P2101 is a general OBD2 trouble code. It has the same meaning for all vehicles. However, it seems to be most prevalently found in GM, Honda, and Nissan-made models.
P2101 Definition: Throttle Actuator “A” Control Motor – Circuit Range/Performance
Throttle Actuator “A” Control Motor Circuit (TAC for Short)
Most modern cars and trucks do not use an actual throttle cable. Instead, they are controlled by the PCM and TAC modules. A signal is sent from the gas pedal to the PCM telling it how much of the engine’s power you are requesting. It will then grant that request. But, it’ll bring the torque in a bit slower than a traditional gas pedal. This saves a lot of wear and tear on the engine.
Throttle actuator “A” is responsible for opening and closing the throttle. Think of it as your digital throttle cable.
It does not necessarily have to be located on the throttle body itself. You can find it on the engine, firewall, or wheel wells.
There are a lot of fail-safes built into the electronic throttle control system. P2101 means that your vehicle’s PCM has noticed a discrepancy between the throttle input and the actual throttle position.
P2101 indicates that the throttle is not opening and closing in the way that you, the driver, are requesting it to. The signal is, therefore “out of range.”
P2101 will most likely put the vehicle in limp/failsafe mode. This limits throttle response. Depending on the make, model, year, and engine, the amount of throttle you get will vary.
Limp mode will greatly reduce engine performance.
Check Engine Light
P2101 can sometimes appear with other codes but will often appear by itself.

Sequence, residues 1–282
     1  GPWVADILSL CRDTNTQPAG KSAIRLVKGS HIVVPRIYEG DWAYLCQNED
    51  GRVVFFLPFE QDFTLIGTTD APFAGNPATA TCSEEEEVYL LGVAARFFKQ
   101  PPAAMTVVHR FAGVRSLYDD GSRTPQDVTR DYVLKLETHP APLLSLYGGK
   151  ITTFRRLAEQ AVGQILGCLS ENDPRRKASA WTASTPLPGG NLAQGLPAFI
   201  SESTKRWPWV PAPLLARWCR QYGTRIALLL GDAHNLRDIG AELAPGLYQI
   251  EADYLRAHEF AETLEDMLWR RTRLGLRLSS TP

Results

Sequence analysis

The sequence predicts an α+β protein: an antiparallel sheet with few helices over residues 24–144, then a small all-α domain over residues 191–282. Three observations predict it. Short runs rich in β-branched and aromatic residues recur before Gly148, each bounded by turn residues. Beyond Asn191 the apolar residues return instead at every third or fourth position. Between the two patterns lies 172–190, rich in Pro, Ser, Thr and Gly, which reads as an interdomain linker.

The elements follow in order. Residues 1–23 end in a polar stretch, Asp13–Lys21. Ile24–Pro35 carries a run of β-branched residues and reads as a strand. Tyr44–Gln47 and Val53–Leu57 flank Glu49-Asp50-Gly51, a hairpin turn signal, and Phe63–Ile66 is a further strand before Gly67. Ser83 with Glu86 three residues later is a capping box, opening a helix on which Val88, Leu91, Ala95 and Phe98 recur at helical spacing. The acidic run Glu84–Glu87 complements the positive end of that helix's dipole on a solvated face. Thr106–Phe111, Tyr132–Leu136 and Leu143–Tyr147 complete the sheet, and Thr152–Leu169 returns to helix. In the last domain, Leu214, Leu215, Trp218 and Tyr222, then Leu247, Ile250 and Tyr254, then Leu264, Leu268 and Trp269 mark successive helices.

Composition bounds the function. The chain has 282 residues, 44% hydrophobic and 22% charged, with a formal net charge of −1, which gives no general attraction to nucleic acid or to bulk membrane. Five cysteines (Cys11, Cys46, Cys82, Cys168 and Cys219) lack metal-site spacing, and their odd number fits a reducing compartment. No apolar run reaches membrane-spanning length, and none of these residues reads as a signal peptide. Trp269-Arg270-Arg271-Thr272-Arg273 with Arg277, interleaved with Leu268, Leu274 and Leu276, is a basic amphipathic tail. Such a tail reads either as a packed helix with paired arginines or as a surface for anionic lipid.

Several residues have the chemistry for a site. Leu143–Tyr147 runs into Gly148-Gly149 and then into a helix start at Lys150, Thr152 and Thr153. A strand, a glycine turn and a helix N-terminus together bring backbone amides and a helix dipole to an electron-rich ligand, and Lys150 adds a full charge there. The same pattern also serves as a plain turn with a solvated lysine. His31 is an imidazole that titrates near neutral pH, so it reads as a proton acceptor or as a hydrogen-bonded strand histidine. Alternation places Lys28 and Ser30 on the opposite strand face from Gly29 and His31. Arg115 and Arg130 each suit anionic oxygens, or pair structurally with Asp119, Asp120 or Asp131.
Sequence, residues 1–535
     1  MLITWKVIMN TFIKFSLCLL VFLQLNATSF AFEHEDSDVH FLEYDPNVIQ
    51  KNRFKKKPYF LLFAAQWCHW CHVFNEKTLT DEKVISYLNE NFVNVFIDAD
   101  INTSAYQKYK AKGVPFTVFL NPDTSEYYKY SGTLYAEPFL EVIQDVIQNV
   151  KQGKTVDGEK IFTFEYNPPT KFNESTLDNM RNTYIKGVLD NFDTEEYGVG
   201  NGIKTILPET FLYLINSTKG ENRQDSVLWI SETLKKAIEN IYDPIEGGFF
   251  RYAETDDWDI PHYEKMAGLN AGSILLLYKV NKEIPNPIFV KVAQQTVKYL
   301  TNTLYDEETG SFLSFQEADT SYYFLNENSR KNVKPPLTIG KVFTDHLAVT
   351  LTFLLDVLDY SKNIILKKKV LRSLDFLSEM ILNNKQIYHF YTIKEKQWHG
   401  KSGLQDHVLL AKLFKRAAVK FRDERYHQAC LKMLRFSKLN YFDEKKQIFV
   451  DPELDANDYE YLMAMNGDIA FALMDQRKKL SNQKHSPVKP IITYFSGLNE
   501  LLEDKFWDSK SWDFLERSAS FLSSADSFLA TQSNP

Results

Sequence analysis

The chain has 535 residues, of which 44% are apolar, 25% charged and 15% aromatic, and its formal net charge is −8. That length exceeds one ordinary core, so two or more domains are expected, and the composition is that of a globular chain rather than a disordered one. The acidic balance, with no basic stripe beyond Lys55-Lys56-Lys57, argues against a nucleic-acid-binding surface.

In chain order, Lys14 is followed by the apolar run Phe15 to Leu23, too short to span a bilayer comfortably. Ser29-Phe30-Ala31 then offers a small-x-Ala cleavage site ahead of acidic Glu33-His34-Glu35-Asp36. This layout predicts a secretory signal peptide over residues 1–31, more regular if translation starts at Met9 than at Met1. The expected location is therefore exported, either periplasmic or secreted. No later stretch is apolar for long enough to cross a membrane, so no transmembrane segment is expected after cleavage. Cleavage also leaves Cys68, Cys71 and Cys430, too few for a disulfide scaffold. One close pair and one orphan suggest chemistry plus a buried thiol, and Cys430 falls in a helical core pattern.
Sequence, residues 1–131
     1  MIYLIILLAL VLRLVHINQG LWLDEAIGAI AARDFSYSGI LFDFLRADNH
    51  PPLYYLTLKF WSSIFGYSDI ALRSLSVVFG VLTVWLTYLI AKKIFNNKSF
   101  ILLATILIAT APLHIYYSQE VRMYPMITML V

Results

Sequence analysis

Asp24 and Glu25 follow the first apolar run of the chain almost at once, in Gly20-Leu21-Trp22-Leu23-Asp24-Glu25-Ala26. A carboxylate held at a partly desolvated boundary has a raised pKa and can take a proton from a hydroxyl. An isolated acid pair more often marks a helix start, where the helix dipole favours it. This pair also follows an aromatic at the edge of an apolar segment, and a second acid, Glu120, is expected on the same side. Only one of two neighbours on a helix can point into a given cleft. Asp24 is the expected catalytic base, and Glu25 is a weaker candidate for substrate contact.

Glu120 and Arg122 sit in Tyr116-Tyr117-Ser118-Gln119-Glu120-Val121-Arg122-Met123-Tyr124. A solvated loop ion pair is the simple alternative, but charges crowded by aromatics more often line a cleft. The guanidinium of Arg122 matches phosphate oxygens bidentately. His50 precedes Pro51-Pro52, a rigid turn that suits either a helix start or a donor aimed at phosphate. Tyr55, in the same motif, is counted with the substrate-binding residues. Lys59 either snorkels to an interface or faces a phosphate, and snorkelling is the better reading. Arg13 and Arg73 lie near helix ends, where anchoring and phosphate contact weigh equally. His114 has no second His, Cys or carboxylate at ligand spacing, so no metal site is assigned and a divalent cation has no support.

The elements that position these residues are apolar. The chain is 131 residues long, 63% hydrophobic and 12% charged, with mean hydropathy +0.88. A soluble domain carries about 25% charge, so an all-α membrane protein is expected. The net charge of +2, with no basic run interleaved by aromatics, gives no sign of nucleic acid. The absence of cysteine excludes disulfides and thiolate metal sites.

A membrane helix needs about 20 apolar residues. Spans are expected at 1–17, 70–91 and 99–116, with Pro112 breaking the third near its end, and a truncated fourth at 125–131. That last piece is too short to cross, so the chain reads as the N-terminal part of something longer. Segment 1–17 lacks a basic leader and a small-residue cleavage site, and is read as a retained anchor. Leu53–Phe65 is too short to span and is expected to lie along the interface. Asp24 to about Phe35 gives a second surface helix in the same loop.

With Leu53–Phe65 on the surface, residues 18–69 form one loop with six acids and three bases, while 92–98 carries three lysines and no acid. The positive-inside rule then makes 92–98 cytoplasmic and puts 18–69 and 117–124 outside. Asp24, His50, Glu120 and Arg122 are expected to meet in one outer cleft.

Improper Idle Speed
You may get a higher idle speed and no throttle response. This higher idle speed will allow the vehicle to be moved out of the way, but that’s about it.
- Wiring problem with the throttle control system, particularly where the actuator plugs into the harness.
- Bad Throttle Actuator
The good news with P2101 is that there’s not much to test and inspect that can throw this code.
The most common reasons that P2101 has appeared are wiring issues or a bad throttle actuator.
1. Check the Wiring on Throttle Actuator
The first thing you should do is find the Throttle Actuator “A.” Depending on the make, model, and year of the vehicle, it could be in several places. It can be on the firewall, fender, behind the firewall, or the engine.
Inspect the entire harness to make sure that there is no damage (think frayed or burnt wires, loose connections, etc…). Look particularly close anywhere that the wiring harness is close to the metal. If there is some form of damage, you’re going to need to replace the part of the harness in question.
Inspect where the harness plugs into the Throttle Actuator. Check it for corrosion. Use an electrical contact cleaner to clean any terminals and contacts that need it. This is a prevalent cause of P2101.
If there was damage, replace or repair the harness as needed. Then, use your OBD2 scanner to clear P2101. Next, fire Fire the engine up and blip the throttle. If it’s responding again, you’re done.
If there did not appear to be any damage, go ahead and move on to testing the Throttle Actuator.
2. Test Throttle Actuator “A”
Most throttle actuator motors have two wires. Use a multimeter to determine if there is an open or short. If there is, go ahead and replace it.
If it’s not open or short, check the power supply to the throttle actuator. Confirm that it has the proper voltage. You can use a scan tool to command the Throttle Actuator while using a test light to determine if it’s getting sent the signal. If the test light doesn’t come on, it indicates that there is a wiring problem.
Try jiggling the wiring with the test light in and see if it flickers. That would indicate an intermittent wiring problem. Next, start lightly jiggling different parts of the harness until you find exactly where it is coming from.
It is doubtful that there is an issue with the PCM, but it’s not improbable.
You’ll likely be chasing a wiring problem or a bad throttle actuator to clear P2101.
If there are any other codes, you can cross-reference them with this one and see if there are overlapping causes.
You can look to see if there are any TSB’s (Technical Service Bulletins) related to the throttle actuator for your vehicle. It just might save you some time.